Speaking of flashy visuals that find a way to be more than that…
It’s a generally accepted fact that the magic has gone out of Disney. After a brief, impossibly strong run from ’89-’94 (The Little Mermaid, The Rescuers Down Under, Beauty and the Beast, Aladdin, and The Lion King), it’s been hit and miss for the studio ever since. I’ve enjoyed some of the films (Mulan and Bolt were both solid, and I have a special place in my heart for The Emperor’s New Groove), but I’ve skipped most without a second thought and haven’t regretted it – though I’m assuming that the people who actually might’ve (Anyone see Atlantis: The Lost Empire, Treasure Planet, Brother Bear, Chicken Little, or Home on the Range? You have my sympathies).
But along comes Tangled with a remarkably simple pitch: do a classic Disney princess story, with all the magic and wonderment and songs sung by princesses staring out windows that comes with such things, but do it as a computer animated film instead. Bet the guy who thought up Meet The Robinsons is kicking himself he didn’t think of that.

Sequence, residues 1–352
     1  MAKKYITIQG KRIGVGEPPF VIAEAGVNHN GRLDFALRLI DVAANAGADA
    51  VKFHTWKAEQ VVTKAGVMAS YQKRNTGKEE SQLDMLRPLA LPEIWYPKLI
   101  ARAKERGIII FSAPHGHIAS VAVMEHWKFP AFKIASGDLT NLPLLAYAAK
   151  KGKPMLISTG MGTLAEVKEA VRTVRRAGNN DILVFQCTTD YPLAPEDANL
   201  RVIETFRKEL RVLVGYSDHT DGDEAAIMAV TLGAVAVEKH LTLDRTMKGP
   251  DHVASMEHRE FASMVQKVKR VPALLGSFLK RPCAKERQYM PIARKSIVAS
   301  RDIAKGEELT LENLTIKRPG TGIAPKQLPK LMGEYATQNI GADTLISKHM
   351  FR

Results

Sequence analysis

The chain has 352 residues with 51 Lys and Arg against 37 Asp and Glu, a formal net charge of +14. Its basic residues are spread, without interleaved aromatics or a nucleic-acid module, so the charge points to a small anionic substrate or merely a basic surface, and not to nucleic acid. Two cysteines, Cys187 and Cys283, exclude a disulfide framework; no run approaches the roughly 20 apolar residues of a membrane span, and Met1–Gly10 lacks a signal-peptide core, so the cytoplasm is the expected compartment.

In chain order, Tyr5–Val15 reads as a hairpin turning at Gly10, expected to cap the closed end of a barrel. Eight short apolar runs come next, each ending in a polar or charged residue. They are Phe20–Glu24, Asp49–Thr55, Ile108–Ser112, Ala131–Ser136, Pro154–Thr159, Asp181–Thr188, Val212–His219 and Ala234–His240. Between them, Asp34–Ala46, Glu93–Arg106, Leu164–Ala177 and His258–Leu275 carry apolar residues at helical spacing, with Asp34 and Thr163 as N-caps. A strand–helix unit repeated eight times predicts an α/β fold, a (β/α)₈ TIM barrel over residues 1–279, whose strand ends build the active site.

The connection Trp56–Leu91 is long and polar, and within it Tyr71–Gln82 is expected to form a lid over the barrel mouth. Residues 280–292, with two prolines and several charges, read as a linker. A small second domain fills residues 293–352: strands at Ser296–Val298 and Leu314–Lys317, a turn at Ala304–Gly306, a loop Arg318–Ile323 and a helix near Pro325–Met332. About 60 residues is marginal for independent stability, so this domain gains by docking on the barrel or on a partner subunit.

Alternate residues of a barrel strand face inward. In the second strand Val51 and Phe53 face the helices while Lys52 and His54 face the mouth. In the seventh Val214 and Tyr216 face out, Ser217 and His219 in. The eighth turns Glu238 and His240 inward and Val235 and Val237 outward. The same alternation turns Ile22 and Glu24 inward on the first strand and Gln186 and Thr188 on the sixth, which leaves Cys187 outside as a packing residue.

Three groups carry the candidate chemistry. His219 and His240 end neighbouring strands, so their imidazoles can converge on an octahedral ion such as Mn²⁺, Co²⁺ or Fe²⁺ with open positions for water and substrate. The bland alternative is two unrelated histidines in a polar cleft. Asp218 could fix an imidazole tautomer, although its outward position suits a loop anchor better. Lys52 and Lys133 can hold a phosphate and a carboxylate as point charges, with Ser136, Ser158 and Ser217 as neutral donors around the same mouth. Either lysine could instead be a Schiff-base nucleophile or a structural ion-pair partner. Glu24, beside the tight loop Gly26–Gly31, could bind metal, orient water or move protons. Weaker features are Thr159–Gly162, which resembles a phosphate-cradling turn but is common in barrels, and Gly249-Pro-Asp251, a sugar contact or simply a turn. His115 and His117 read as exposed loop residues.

Times being what they are, of course you have to have famous names to voice the characters (when did this practice start? The earliest I can remember is Robin Williams in Aladdin, other than Burl Ives as a claymation snowman). Fortunately, instead of being distracting or schticky, both of the stars cast here are excellent choices. Mandy Moore gives her sighing princess just the right amount of spunk, while Zachary Levi lends an intrinsic niceness to a roguish hero who could’ve turned unpleasant in the wrong hands.
The real hero here is the animation, though. It’s only very recently that animators have been able to animate human faces in ways that aren’t disconcerting, and Tangled is a nice blend of cartoony and realistic, with a surprisingly endearing bit of 3-D animation thrown in. The finished product works perfectly. There’s a beautiful bit towards the end where the characters release thousands of floating candles to the sky, and the camera weaves in and around them, till the viewer ends up dizzy from trying to take it all in at once.
Maybe the magic isn’t all the way back in Walt’s old stomping grounds (I can’t be the only one worried about the full-length Winnie-The-Pooh film next year), but it was awfully nice to go into a Disney movie and be so pleasantly surprised.